SOME OTHER WOMAN'S


from a photograph of my maternal grandfather 
discovered at my cousin Natasha's home 

You're not her grandfather, 
But here I stand, finding you, 
As usual, leaning against a wall 
In some other woman's home. 
This is how I've found you 
After all these years. Same way 
Grand used to find you, too. 

Shifting through four decades, 
I move to stand closer to you, 
Wanting you to finally see me. 
Still-can't make your eyes see mine. 
You delicately balance a shot glass 
Between thumb and index 
Fingers of your taut, sculpted arm. 

Same amber arm that sent 
The flapping screen door flying 
One direction, the last time, 
Ripping a gash within meshed fibers. 
The slim thwack of pine 
Slammed in Grand's face, echoing 
Like buckshot, all these years. 

I extend lax fingers to the wrinkles, 
Then flare waxy nostrils against the pane, 
To stand up in your face. 
Even so, you still don’t see me, 
Just like those penance visits 
Amounting to two hours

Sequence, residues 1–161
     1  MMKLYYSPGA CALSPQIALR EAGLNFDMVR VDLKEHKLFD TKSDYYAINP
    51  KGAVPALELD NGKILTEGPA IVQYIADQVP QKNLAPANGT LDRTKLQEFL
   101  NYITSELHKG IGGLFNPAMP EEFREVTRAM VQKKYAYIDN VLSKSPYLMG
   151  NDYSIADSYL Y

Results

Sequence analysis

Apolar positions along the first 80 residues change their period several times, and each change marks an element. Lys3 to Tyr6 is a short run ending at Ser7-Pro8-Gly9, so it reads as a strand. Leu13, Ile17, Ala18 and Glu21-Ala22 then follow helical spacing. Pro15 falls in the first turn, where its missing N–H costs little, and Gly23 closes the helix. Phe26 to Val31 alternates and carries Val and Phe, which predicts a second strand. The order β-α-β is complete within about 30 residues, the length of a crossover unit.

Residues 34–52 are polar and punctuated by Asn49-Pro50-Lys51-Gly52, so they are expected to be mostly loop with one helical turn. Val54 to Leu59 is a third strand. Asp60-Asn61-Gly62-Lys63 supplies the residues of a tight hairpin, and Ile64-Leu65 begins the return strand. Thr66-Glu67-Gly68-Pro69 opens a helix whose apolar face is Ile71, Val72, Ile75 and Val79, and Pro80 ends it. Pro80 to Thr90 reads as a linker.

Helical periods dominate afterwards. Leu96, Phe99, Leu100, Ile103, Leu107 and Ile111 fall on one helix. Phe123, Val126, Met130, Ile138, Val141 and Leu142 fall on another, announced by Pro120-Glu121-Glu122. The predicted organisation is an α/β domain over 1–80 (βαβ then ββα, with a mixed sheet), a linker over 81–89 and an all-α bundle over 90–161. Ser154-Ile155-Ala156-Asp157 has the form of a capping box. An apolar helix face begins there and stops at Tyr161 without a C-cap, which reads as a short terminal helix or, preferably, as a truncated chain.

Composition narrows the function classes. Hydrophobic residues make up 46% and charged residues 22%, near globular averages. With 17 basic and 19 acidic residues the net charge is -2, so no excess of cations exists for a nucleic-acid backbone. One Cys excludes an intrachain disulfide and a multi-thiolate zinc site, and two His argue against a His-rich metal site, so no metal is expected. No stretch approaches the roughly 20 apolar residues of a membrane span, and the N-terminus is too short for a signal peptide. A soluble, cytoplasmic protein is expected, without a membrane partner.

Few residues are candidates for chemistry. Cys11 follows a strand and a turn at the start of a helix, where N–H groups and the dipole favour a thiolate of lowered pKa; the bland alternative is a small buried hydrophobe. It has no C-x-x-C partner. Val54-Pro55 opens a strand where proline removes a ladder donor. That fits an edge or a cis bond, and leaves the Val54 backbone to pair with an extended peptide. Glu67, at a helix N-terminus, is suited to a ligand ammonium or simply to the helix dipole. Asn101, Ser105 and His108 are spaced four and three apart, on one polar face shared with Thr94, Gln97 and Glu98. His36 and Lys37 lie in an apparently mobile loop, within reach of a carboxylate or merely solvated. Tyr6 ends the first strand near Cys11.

Over just as many years, 

Buying twelve grandchildren 
Sandwiches to feed your guilt 
-This fading memory of you: 
Mom said, I remember 
The white majorette boots 
With blood-red tassels 
That he shipped C. O. D. 

All the way from Chicago. 
I was so proud while everyone 
Cooed through clenched teeth, 
'They're so pretty, Baby Ann.' 
Grand grumbled, 
Too bad he couldn't remember 
To send money for food. 

Our family never could get that 
Inky, bleeding stain off the boots. 
The mark soiled through the grain 
But never softened the rub. 
Don't get nervous, 
My gregarious good-time man, 
I'm not here to summon you home. 

We've resigned ourselves 
To loving you second-hand. 
I won't force you 
To come out of the grey-to stand 
Eye to I with me. I know now 
You are a keepsake best left 
In some other woman's home.